One of several stunning highlights of the sale is an item that offers great insight to a writer’s creative process—William Harrison Ainsworth’s (1805-1882) model of “The Tower of London” and draft paragraphs, pages and notes that document the creation of his serial publication. This unique handmade model, complete with a moat made of glass, aided Ainsworth during his writing process, giving him a topographic guide to his unfolding story (est. $4,000-6,000).

Another highlight comes from the hand of Charles Dickens. This handwritten leaf is from the working manuscript of the author’s first novel The Posthumous Papers of the Pickwick Club, also known as The Pickwick Papers. This leaf is a rarity since a vast majority of the holograph manuscript was discarded after the publication went to print. Fewer than 50 pages of the manuscript were salvaged by the foreman printer and 35 or more of them are in institutions, making this leaf a true market rarity (est. $70,000-100,000).

Also from Dickens is a first edition of The Posthumous Papers of the Pickwick Club in monthly parts. Prime copies of The Pickwick Papers are extremely uncommon, and a copy such as this—featuring numerous first issue points, and including 25 additional plates that account for many of the variant issues of illustrations—is seldom available (est. $30,000-50,000).

Noteworthy for collectors of American literature is the Second Boston Edition of Shakespeare’s Plays, one of the earliest known books to be published in parts in America. Still in its vibrant original orange wrappers, this 18-part series includes a complete representation of the famous playwright’s plays (est. $3,000-5,000). There is also a two-volume, leather-bound first edition of Harriet Beecher Stowe’s Uncle Tom’s Cabin. This best-selling American novel, of the 19th century, questioned the morality of slavery and is said to have laid the ground work for the Civil War (est. $5,000-8,000). A third Americana highlight to appear in the sale is the manuscript of Walt Whitman’s “Notes on the Meaning and Intention of Leaves of Grass.” Written in 1876, it served as a reminder of his aims, some two decades after the publication of the poem. (est. $8,000-12,000)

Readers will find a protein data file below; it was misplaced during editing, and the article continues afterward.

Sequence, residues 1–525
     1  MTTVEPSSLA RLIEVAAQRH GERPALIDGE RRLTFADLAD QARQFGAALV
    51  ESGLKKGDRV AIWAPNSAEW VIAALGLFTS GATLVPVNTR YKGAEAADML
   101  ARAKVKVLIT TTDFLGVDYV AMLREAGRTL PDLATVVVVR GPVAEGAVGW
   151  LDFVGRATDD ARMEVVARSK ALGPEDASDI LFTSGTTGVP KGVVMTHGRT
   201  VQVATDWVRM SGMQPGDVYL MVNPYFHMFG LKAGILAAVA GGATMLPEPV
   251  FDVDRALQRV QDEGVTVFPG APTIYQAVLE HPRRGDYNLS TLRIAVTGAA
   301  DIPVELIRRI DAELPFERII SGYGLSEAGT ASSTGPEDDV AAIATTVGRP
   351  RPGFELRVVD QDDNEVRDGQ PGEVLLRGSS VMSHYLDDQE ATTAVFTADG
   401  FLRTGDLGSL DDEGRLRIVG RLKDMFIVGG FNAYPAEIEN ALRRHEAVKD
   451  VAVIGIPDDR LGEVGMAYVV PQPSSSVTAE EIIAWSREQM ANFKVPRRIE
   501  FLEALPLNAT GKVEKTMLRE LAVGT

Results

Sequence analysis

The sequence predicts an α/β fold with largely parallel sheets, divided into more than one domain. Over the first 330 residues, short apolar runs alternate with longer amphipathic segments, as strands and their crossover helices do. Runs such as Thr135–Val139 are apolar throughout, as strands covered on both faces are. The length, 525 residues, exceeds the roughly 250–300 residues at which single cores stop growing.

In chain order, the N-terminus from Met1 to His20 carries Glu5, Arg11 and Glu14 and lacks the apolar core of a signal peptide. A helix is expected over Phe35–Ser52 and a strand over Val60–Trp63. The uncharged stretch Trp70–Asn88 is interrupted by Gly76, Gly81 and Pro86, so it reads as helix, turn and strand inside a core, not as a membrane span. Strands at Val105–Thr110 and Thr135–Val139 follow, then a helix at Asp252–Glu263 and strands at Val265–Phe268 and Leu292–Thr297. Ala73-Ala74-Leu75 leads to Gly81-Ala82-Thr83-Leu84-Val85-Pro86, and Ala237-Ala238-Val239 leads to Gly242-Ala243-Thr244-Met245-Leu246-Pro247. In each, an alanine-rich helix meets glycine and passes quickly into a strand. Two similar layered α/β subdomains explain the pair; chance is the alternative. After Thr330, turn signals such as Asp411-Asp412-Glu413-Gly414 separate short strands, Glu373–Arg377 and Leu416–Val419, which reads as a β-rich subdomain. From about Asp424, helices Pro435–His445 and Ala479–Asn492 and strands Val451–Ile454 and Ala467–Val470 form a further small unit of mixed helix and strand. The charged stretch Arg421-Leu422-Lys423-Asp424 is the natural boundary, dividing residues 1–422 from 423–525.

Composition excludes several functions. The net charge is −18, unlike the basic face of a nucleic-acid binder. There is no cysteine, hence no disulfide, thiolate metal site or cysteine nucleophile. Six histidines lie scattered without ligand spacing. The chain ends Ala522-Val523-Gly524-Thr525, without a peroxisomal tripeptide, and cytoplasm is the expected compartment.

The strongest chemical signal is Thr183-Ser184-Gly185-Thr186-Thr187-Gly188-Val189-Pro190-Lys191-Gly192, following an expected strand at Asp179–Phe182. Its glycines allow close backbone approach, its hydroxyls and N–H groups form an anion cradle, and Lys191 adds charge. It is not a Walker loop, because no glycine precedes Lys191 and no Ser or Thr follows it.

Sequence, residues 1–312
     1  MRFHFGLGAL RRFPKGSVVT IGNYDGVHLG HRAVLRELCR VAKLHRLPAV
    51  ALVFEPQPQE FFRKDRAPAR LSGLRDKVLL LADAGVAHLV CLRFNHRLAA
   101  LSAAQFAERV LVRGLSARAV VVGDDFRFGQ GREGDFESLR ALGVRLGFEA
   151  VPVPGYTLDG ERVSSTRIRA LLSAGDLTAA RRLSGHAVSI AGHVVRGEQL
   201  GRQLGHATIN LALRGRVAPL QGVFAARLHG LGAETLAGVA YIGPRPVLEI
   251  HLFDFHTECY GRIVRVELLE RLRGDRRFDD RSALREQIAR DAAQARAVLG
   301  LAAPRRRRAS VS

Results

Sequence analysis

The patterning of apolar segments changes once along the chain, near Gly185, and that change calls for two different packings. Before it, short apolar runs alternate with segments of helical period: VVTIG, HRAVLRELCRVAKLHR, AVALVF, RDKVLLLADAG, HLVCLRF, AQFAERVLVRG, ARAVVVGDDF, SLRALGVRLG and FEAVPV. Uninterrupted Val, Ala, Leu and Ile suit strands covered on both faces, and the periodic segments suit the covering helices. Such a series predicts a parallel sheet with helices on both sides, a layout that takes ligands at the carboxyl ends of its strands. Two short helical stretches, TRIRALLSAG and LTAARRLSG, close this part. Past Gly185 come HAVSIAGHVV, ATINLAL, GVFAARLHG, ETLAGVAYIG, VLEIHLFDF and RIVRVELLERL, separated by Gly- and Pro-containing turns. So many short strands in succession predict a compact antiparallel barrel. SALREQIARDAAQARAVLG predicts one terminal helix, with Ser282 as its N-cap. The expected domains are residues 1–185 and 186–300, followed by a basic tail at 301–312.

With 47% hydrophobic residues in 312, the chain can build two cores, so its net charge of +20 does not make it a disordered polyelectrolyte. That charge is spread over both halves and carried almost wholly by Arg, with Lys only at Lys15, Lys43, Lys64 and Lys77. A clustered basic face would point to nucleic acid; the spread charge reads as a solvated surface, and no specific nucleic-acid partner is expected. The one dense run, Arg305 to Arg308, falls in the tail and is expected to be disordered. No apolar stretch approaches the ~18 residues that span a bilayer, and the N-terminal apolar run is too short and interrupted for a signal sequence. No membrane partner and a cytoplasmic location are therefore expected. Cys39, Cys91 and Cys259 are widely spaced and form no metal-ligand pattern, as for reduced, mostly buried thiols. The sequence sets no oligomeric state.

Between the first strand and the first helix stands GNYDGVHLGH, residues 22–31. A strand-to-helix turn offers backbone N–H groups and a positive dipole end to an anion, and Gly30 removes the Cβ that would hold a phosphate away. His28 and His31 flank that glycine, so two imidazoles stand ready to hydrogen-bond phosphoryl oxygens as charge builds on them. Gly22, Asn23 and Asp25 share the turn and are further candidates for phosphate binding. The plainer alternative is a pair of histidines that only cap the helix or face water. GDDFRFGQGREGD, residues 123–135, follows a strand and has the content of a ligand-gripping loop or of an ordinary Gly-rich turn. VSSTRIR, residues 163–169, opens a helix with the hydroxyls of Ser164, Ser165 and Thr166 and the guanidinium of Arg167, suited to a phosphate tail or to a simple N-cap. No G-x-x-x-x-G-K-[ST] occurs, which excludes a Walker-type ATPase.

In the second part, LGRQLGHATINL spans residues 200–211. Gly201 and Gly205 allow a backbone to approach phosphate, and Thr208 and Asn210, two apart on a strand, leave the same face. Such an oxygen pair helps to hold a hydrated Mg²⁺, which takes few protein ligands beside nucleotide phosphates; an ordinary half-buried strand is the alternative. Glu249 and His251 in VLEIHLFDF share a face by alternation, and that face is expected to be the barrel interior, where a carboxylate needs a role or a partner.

Another lot comes from the working autograph manuscript of William Makepeace Thackeray’s first novel Catherine. This manuscript page is the final lines of Chapter 10 and the beginning of Chapter 11. On the verso are red chalk sketches of a woman’s profile; a three-quarter torso sketch of a woman holding a child (est. $3,000-5,000). Among several Thackeray items that appear in the sale, another stand out highlight is the first edition in original monthly parts, complete with all advertisements, of the author’s masterpiece Vanity Fair, A Novel Without a Hero (est. $12,000-18,000).

A notorious rarity that is up for auction is Anthony Trollope’s Ralph the Heir. Trollope himself deemed this to be one of his worst novels, but it was his description of a Parliamentary campaign in the fictional borough of Percycross that made this work important. It was unabashedly based on Trollope’s first-hand knowledge of corruptible country politics. The present issue is, without question, the most desirable, being the first, the rarest and the most complete. With no sale records in the past 60 years, this is one of only two copies known in existence (est. $50,000-80,000).

The collection will be on preview at Bonhams in New York from October 15-18. The auction will take place in New York at 1 pm EDT on October 18 and will be simulcast at Bonhams in Los Angeles. The public is also invited to attend a highlights tour hosted by a Bonhams Fine Books and Manuscripts specialist, taking place Sunday, October 16 at 4 pm. All events will be held at Bonhams in New York, located at 580 Madison Avenue.
PASADENA, Calif. -- From February 10 - 12, 2012, Southern California will become the rare book capital of the world as thousands of book lovers, U.S. and international dealers and scholars converge for the 45th California International Antiquarian Book Fair at the Pasadena Convention Center. Recognized as one of the world's largest and most prestigious exhibitions of antiquarian books, the Book Fair gives visitors the opportunity to see, learn about and purchase the finest in rare and valuable books, manuscripts, autographs, graphics, prints, maps, photographs and more.

Featuring the collections and rare treasures of more than 200 booksellers from the Antiquarian Booksellers' Association of America (ABAA) and the International League of Antiquarian Booksellers (ILAB), the Book Fair will feature volumes from five centuries of printing, as well as original manuscripts that predate Gutenberg. Books will cover every imaginable area of interest -- from the history of travel and exploration, early science and medicine to classic literature, modern first editions, children's and illustrated books, and the arts. Items range in price from a few dollars to more than six figures.

"It's impossible to walk through the aisles of the Book Fair without being wowed by the visual beauty and cultural significance of the volumes on display," said Michael R. Thompson, Book Fair Chair of the Southern California Chapter of the ABAA, which organizes the event. "First time visitors are amazed that they can browse, touch and even go home with items that they imagine could only be found in a museum or special collections library."

The Book Fair includes seminars on the basics of collecting as well as various themed topics. Sunday, February 12 is Discovery Day, which gives attendees the opportunity to present up to three items to experts for free examination.